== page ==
Over half of adults in China, or more than half a billion people, are now overweight, an official report has found.
The figures have risen significantly since 2002, when 29% of adults were overweight.
The country’s rapid economic growth in recent decades has led to major changes to lifestyle, diet and exercise habits.
In October, the Chinese government unveiled plans to tackle rising levels of obesity.
A higher body mass increases the risk for a number of diseases including heart disease, stroke and diabetes.
The issue of obesity has come under renewed focus during the pandemic as studies showed that overweight or obese individuals are more likely to suffer severe complications or death from Covid-19.
The National Health Commission report, released on Wednesday, found that more than 50% of adults are classified as overweight, of whom 16.4% are obese.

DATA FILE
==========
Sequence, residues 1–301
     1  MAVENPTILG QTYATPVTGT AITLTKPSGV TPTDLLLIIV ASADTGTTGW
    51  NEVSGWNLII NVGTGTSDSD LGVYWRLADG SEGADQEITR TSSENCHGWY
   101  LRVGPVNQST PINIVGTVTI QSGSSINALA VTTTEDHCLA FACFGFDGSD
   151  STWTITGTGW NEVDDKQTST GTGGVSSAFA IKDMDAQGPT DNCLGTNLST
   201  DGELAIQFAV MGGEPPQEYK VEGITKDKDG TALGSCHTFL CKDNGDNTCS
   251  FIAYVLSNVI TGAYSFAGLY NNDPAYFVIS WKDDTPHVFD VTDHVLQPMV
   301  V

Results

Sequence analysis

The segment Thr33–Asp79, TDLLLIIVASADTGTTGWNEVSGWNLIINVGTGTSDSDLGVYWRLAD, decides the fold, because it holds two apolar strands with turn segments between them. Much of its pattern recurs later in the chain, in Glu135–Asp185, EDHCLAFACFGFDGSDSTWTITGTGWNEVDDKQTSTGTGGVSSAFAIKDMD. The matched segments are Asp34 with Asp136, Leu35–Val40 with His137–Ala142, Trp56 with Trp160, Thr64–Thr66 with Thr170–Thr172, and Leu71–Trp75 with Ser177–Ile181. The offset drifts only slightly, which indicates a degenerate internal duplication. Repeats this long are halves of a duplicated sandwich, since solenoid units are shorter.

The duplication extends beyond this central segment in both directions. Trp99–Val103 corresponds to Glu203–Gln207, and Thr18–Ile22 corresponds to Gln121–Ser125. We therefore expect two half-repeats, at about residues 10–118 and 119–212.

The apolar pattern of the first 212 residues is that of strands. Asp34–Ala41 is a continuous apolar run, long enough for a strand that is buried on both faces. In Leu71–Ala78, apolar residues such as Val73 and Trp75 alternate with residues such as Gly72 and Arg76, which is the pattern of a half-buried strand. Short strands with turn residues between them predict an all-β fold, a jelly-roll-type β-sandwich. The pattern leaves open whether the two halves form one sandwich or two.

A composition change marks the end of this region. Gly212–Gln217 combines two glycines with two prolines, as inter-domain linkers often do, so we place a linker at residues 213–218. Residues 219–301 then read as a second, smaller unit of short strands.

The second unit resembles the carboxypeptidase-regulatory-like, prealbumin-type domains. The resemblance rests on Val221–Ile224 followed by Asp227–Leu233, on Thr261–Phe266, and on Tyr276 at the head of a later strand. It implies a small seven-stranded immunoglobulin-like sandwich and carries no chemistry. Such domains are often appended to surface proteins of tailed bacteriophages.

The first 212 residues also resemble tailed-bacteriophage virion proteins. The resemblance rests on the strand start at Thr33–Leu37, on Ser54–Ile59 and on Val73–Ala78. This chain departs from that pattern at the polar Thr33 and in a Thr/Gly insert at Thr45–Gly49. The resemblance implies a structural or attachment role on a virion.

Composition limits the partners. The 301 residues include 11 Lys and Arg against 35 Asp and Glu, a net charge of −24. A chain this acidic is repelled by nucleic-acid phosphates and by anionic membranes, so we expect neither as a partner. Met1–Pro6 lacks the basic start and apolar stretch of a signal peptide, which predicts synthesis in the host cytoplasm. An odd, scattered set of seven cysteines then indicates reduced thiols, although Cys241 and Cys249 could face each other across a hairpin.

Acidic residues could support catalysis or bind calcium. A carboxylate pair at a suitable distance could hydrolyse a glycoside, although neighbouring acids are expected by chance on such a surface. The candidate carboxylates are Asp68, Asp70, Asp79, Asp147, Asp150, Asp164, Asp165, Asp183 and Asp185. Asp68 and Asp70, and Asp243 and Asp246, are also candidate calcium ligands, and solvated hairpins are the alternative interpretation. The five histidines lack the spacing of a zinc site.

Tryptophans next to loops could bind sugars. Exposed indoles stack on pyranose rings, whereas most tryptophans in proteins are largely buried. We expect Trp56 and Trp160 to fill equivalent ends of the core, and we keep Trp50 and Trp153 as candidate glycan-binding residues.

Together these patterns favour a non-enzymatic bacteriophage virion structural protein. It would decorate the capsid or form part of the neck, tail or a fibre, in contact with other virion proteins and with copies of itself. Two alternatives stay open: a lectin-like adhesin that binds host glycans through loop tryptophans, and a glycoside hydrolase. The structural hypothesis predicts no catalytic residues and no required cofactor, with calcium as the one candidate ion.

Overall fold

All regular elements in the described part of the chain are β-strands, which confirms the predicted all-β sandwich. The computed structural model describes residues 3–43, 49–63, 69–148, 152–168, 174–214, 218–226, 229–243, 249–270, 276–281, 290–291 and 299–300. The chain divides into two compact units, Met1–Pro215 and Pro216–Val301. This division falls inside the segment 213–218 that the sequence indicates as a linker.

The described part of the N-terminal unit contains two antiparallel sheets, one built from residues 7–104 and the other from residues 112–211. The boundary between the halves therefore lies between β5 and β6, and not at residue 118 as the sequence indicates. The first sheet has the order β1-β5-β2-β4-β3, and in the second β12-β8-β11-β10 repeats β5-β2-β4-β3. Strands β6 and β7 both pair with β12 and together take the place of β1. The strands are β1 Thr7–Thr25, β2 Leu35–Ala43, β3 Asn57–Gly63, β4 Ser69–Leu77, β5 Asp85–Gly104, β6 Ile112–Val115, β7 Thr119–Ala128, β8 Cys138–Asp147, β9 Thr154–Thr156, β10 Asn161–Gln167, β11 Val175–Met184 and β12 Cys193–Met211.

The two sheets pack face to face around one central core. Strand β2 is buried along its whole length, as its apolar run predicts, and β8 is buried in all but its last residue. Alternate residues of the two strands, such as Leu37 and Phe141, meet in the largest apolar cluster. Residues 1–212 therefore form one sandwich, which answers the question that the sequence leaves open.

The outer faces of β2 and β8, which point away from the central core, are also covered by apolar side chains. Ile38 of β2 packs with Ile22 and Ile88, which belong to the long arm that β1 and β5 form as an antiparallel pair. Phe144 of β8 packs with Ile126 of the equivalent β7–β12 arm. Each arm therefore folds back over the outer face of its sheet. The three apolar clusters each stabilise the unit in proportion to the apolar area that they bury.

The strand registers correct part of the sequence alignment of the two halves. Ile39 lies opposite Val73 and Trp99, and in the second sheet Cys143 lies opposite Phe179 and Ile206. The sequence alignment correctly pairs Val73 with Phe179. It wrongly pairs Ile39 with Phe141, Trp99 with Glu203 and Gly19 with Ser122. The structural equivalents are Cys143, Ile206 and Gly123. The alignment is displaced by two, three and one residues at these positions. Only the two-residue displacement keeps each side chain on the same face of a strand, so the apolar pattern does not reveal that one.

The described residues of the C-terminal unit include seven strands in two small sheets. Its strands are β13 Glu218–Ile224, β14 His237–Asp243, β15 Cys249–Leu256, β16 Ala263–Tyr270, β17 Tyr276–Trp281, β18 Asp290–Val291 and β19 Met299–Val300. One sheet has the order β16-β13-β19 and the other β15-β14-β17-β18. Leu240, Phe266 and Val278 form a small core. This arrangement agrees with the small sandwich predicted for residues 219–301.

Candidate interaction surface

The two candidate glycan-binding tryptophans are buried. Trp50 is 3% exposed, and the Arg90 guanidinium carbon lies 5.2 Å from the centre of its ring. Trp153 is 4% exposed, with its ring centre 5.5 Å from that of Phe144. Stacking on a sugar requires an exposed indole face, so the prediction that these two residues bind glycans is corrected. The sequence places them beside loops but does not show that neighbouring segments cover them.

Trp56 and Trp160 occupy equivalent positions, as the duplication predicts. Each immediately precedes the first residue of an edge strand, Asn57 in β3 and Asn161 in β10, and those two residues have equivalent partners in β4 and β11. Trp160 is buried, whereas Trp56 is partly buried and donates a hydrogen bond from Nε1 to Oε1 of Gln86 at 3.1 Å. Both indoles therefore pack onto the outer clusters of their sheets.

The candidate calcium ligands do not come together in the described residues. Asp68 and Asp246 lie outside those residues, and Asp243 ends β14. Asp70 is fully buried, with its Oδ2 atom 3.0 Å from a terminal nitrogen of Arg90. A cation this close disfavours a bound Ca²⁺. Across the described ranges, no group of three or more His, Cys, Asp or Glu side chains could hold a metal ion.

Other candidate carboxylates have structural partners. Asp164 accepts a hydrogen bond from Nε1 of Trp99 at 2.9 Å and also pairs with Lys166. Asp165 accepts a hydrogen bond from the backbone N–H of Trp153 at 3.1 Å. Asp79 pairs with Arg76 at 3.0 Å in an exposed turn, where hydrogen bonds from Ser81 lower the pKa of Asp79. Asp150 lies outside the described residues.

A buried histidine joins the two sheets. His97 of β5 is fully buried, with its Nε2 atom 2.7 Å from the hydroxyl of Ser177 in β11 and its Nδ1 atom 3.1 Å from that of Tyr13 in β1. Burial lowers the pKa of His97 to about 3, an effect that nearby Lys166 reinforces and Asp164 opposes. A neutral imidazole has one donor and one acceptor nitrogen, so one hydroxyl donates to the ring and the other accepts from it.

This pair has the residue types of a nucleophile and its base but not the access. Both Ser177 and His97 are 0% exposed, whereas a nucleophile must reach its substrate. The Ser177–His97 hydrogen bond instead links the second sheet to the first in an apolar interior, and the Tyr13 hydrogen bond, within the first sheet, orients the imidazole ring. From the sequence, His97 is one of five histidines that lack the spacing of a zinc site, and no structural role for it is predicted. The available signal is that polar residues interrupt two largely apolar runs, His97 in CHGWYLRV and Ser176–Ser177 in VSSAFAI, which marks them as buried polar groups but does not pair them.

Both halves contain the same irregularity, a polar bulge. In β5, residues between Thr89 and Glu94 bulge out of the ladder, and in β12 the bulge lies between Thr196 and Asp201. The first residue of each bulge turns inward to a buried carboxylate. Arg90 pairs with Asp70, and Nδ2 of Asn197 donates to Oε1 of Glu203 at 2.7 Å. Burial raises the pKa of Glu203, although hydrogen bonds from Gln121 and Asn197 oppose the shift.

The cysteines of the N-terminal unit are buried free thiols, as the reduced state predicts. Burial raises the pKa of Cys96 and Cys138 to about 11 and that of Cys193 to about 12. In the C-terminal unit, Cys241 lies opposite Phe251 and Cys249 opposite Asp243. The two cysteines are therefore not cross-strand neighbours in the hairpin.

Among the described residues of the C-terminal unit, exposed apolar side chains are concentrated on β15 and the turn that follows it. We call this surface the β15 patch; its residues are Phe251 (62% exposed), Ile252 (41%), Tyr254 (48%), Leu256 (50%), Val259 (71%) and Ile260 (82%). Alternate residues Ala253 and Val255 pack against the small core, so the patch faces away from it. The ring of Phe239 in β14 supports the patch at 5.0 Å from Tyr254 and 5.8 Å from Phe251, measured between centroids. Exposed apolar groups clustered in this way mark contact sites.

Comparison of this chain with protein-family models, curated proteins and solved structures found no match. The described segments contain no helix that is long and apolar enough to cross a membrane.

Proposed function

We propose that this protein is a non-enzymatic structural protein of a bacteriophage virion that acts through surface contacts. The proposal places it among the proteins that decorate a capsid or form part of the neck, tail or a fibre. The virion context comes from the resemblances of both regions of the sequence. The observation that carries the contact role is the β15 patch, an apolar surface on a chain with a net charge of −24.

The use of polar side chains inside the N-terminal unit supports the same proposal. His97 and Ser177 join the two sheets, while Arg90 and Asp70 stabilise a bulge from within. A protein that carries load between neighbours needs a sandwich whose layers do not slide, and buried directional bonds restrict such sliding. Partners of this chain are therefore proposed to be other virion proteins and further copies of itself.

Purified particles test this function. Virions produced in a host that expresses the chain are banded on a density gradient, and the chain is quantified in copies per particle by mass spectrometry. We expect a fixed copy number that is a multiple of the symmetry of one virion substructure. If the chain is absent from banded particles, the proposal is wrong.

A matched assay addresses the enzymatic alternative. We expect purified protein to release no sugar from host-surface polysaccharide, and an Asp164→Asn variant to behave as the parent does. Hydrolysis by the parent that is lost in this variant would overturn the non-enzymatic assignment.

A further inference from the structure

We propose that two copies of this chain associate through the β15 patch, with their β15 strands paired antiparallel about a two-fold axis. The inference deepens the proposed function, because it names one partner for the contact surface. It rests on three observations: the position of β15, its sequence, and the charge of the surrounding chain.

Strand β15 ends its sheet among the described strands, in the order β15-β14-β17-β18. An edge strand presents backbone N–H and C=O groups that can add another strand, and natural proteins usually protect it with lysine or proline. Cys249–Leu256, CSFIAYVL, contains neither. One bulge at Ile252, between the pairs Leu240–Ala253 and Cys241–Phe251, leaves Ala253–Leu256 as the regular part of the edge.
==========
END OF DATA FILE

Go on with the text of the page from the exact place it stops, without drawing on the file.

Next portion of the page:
The report blamed decreasing levels of physical activity for the country’s expanding waistlines, with less than a quarter of the adult population exercising at least once a week.
A growing appetite for meat and a low consumption of fruit were also identified as factors behind the rise.
Wang Dan, a nutritionist in the city of Harbin, told the AFP news agency that many adults in the country now “exercise too little, are under too much pressure, and have an unhealthy work schedule”.
China is not the only country to have seen an increase in the number of overweight or obese people in recent years.
Earlier this year, the World Health Organization (WHO) reported that levels of obesity across the world had tripled since 1975, including in low and middle-income countries.
Almost 40% of adults were overweight in 2016 and around 13% were obese, according to the WHO’s own estimates.
The tiny Gulf state of Qatar is one of the worst-affected countries, with more than 70% of people overweight or obese.